In a nutshell, our findings reveal the close connectivity between LG budgetary practice, theoretical underpinnings and policy. Consistent with extant literature, notably Gabor Soos, 2001, Livingston & Charlton, 2001, Wibbels, 2000 and Winer, 1980, some findings were in tandem with assumptions of key theoretical strands like revenue exaction theory, fiscal federalism theory, while others were in conflict.

As Aiken and West (1991) and Bagozzi and Phillips (1982) observe, policy is derived from theory and practice is at the core of practice. For instance, market-like value-for-money independent audits suggested in the new public management model (Aucoin, 1990; Larbi, 1999) was found negatively correlated with budget performance. The idea is that, if such audits are carried out in corrupt and autonomy-constrained LGs, they instead engender negative budget performance outcome (Auclair, 2002; Kukkiriza, 2007; Tanzi, V. 1995).


Empirical contributions

We have combined quantitative and qualitative methods to examine two important issues relating to budget performance in local government (LG): central government patronage (CGP) and the mediating role played by entity autonomy. Our results illuminate the direct effect on budget performance of the predictor  CGP when acting both as an individual factor and when its constructs act interactively. This means that local governments and the central government must appreciate that the two are all pertinent ingredients to sustainable budget performance.

These pilot findings not only add to a holistic understanding of the entire central government patronage structure on local government  activities but also highlights the otherwise ignored mediation role played by entity autonomy. Prior research has seldom paid attention to the LG autonomy factor. Some studies (e.g. Awio & Northcott, 2001; Brosio, 2000; Dafflon, 2000; Mugerwa et al., 2007) simply end at describing existing fiscal decentralization systems as “tilted and skewed”. The study strongly points out the crucial role autonomy can play and tries to bridge the gap in the literature that it is not only influential but is confounded by socio-political factors such as partisan politics which must be addressed. The results echo qualitative data position (opinions expressed by majority district administrators, budget desks, ministry and donor agency officials) that LG autonomy is cosmetic. Central government policy, not only in Uganda but elsewhere in Sub-Saharan Africa (Degefa, 2003; Keller, 2002; McGill, 2001; Ndegwa, 2002), tends to be autocratic when it comes to grant allocation and institutionalization to LGs. This study is of paramount importance for ambitious decentralization policies whose dream is to continuously create new LGs.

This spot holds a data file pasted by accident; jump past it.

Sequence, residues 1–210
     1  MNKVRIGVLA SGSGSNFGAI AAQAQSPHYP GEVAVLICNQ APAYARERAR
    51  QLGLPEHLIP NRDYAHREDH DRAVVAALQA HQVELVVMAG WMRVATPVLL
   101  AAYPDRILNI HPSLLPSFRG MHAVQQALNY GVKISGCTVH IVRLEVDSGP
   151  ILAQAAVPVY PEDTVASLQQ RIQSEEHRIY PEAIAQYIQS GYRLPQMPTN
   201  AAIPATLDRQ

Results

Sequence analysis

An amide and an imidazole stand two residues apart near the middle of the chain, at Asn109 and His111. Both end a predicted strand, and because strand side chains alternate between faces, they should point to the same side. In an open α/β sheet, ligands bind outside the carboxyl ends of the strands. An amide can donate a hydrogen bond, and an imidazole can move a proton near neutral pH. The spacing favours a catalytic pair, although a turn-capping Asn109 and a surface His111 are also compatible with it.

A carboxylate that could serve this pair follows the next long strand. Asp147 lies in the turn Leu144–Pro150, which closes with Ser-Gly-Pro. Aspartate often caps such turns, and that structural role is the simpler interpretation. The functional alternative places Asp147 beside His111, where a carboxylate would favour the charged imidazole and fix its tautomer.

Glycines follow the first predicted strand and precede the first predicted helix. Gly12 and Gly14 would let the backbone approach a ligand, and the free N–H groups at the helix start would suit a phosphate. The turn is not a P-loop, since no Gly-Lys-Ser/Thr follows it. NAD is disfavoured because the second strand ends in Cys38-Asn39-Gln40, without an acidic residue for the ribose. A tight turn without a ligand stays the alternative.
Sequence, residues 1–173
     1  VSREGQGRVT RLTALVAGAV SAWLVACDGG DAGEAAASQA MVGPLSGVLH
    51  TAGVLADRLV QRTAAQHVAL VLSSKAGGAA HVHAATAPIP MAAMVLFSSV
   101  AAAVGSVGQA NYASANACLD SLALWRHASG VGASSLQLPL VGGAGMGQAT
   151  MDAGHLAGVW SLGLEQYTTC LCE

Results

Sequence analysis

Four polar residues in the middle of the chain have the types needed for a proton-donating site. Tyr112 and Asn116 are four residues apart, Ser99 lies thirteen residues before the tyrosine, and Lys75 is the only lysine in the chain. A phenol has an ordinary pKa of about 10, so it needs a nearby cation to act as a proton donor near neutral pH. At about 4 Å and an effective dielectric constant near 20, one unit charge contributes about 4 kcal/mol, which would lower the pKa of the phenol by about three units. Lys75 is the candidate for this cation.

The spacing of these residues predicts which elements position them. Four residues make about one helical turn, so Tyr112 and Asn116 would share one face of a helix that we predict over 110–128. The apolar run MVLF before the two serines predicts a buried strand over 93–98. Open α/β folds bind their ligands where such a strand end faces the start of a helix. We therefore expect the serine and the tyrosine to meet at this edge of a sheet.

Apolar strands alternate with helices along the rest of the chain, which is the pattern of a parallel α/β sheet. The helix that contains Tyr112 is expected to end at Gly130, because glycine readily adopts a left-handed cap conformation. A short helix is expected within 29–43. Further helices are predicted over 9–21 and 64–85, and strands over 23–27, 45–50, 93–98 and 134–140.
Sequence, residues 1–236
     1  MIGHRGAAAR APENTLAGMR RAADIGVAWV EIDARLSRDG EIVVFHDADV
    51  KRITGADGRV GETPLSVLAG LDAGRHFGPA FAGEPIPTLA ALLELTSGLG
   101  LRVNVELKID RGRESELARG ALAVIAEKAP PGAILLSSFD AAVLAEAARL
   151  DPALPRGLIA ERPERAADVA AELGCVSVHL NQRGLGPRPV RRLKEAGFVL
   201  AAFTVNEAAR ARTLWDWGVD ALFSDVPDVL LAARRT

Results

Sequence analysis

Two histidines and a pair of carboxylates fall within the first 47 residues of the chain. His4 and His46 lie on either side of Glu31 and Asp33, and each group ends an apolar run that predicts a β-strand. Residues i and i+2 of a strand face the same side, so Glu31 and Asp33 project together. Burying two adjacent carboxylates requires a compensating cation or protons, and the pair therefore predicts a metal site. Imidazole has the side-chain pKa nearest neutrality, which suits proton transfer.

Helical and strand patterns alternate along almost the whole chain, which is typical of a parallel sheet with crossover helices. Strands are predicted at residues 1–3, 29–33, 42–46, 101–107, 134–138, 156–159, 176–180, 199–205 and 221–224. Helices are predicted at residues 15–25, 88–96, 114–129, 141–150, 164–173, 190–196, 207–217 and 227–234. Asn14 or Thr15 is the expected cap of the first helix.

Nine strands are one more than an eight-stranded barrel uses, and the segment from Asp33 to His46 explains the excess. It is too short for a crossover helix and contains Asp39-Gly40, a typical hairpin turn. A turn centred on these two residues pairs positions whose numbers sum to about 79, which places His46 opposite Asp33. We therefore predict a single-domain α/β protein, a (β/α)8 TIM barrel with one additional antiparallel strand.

Fiscal federalism studies (e.g. Bretschneider et al., 1989; DFID, 2006; MacReynold & Fuhrer, 2002; Shah, 2003) globally caution the resultant negating effect large numbers of autonomy-deprived LGs have on resource allocation, resource basket, manpower capacity and associated service delivery standards.


Practical implications

Public sector budgeting in general and that of local government in particular is a function of a series of stakeholders. Sub-Saharan Africa fiscal federalism prior research (e.g. Bohn & Inman, 1996; Dafflon, 2000; Hoffmann & Gibson, 2005) singles out central government, development partners, local governments, civic leadership and the community as the main ones.

Results from this study impact local government (LG) policy at the central government level. Specifically, they highlight the need to balance grant management, employ realistic institutional mechanisms and conduct professional and objective audits in LGs.